> Summit, Robertson says that marketing blocked their participation,
> citing "branding restrictions". He says he doesn't know what they
> meant by that, and nor indeed do we. However, it does seem to hint
> either at restrictive agreements with certain other companies, or
> some form of internal Intel market segmentation that rules out Linux
> on the desktop.
> Robertson says he's most concerned about the lack of Linux support
> for Centrino. "Intel says that 300 million dollars will go into
> advertising this new product for mobile computing, but Intel isn't
> making the small investment to provide Linux drivers. When you see
> that 'Centrino' sticker on the computer, you can substitute
> 'Microsoft Windows XP'."
> You can see why this gets to him. Centrino is essentially a marketing
> gambit, a packaging of the Pentium M and Intel's Pro/wireless 2100
> mini-PCI Wi-Fi card. There's nothing wildy clever about this, and
> from the customer's point of view it's really a trade-off between the
> convenience of getting it all in one package and being restricted to
> the Intel Wi-Fi card. From Intel's point of view it's a matter of
> marketing it for all its worth and thus leveraging itself into a
> dominant position in the notebook Wi-Fi market. Hence the $300
> Lindows.com is the company with the highest profile in preinstalled
> desktop Linux systems, and recently announced a cheap LindowsOS
> notebook. And here, we think, is where Michael's antennae start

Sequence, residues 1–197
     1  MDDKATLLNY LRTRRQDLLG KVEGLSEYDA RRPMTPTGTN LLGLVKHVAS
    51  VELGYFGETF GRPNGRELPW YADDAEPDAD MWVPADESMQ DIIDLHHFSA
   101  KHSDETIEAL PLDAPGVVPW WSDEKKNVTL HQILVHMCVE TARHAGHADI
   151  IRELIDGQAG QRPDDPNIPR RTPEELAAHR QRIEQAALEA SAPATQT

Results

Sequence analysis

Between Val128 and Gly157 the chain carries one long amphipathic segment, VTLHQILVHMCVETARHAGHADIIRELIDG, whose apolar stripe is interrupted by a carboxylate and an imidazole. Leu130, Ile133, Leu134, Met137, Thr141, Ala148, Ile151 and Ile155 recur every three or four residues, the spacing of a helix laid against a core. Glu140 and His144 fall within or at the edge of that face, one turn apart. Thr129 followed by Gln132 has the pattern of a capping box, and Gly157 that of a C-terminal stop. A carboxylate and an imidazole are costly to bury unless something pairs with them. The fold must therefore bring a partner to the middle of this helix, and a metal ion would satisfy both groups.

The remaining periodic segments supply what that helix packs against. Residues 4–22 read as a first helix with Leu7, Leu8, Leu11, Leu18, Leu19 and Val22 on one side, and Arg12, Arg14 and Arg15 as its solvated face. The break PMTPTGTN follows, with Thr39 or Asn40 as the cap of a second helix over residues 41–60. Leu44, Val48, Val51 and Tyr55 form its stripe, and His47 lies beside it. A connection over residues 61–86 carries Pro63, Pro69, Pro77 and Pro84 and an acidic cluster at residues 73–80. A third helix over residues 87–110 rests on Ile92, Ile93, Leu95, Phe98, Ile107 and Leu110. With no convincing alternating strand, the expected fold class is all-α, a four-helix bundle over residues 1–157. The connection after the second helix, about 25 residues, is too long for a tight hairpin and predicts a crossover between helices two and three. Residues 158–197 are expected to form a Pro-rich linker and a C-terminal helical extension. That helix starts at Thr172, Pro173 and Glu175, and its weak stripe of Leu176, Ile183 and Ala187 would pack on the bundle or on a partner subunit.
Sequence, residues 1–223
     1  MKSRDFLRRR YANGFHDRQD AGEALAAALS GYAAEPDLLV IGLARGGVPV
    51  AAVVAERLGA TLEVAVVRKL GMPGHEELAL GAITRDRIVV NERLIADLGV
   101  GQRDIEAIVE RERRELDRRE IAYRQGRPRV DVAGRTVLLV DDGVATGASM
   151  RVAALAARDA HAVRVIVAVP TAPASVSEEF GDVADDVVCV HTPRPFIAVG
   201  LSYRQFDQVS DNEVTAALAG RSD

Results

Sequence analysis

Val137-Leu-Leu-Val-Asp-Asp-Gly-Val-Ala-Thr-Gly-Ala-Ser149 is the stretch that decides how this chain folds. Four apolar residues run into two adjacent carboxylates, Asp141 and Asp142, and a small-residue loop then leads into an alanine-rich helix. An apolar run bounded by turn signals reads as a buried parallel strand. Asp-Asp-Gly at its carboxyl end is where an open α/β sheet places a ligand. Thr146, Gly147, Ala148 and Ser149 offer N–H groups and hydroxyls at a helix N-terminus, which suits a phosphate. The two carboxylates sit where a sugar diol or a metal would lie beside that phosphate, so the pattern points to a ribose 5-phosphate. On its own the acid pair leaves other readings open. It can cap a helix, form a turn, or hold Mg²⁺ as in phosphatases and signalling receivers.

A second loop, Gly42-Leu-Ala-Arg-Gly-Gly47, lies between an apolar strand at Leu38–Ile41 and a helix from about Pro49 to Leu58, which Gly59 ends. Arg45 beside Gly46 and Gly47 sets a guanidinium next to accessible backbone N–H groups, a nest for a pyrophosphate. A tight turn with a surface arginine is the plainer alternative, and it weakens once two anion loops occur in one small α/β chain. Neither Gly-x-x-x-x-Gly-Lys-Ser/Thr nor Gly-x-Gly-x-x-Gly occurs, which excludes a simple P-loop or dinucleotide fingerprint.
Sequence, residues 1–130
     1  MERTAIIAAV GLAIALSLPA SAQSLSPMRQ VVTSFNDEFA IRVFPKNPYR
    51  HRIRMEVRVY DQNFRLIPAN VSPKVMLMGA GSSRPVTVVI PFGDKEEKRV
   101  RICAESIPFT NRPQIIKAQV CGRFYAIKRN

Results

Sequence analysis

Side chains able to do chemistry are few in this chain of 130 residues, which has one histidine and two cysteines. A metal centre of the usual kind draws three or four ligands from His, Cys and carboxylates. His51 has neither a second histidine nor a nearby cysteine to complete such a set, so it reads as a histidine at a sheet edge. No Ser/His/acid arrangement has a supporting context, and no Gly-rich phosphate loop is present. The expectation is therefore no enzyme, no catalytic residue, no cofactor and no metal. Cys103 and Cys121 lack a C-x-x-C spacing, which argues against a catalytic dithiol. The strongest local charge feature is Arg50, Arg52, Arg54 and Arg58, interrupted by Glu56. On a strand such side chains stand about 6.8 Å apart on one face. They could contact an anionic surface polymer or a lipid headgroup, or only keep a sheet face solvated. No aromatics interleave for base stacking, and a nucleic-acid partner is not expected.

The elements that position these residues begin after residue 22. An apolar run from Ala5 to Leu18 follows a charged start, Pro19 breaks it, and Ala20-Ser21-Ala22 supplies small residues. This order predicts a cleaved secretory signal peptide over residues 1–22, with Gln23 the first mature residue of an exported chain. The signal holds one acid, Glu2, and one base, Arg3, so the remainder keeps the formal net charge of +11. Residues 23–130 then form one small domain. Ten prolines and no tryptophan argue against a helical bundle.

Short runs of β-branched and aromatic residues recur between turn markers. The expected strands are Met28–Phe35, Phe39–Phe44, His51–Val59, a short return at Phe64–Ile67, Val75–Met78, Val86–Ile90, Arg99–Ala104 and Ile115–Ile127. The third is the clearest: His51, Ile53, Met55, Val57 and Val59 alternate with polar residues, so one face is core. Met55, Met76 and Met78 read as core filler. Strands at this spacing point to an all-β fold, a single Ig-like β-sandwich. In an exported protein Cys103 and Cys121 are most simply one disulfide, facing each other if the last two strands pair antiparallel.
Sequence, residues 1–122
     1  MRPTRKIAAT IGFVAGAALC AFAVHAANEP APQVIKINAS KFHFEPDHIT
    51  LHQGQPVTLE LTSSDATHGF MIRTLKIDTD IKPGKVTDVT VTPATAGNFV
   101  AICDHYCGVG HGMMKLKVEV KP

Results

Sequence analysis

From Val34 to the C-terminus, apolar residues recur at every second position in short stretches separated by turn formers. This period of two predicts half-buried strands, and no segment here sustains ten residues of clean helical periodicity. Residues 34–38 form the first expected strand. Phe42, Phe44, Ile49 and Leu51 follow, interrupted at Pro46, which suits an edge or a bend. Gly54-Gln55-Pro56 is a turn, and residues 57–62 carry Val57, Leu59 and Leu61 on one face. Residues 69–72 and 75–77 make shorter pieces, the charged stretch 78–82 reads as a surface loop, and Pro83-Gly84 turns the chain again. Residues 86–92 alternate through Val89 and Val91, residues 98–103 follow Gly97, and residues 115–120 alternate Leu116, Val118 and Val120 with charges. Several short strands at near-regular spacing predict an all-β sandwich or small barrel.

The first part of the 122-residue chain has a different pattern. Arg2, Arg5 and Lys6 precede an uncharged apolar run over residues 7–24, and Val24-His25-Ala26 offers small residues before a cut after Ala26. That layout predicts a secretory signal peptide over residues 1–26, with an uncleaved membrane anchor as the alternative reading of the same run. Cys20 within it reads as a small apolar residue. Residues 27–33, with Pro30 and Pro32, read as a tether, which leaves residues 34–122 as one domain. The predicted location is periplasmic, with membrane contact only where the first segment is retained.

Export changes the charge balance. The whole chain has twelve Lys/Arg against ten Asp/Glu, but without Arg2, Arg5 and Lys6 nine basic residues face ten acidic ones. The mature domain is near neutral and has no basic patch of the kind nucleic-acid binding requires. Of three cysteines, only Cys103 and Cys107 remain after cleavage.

> twitching. At the moment Lindows.com has made a fair bit of the
> running with non-Intel systems. You can get preinstalled Intel
> LindowsOS machines, but you're probably more likely to end up with
> AMD, or in the small footprint and portable areas, Via.
> To progress in the general OEM market Robertson needs to be able to
> strike deals with Intel; not to be treated equally with, say, Dell or
> HP yet, but to be taken seriously. In the notebook and tablet
> markets, the need for a relationship is surely much greater.
> Breakthrough into the portable markets has mysteriously eluded
> Intel's rivals, with Transmeta's near-disappearance, despite early
> support in the tablet arena from Microsoft, being particularly worth
> noting. Robertson, as we keep saying, is not stupid, he knows a lot
> of the money is going to come via portable machines, he also knows
> how determined Intel is, to own the portable market, and how
> successful it's been so far.
> So while other people might think they'd prefer to buy a Pentium M
> system and a separate Wi-Fi card, no problem, that $300 million on
> Centrino marketing hurts Michael deeply. And long term, he's right.
> For as long as there is no rival that is treated as seriously by
> Intel in the desktop sector as Microsoft is, then the rivals will
> find it hard going - they will not be serious rivals. Whether or not
> the first serious rival should be Michael is an entirely different
> matter, but credit where credit's due, he's taking a shot at it - who
> else is? (r)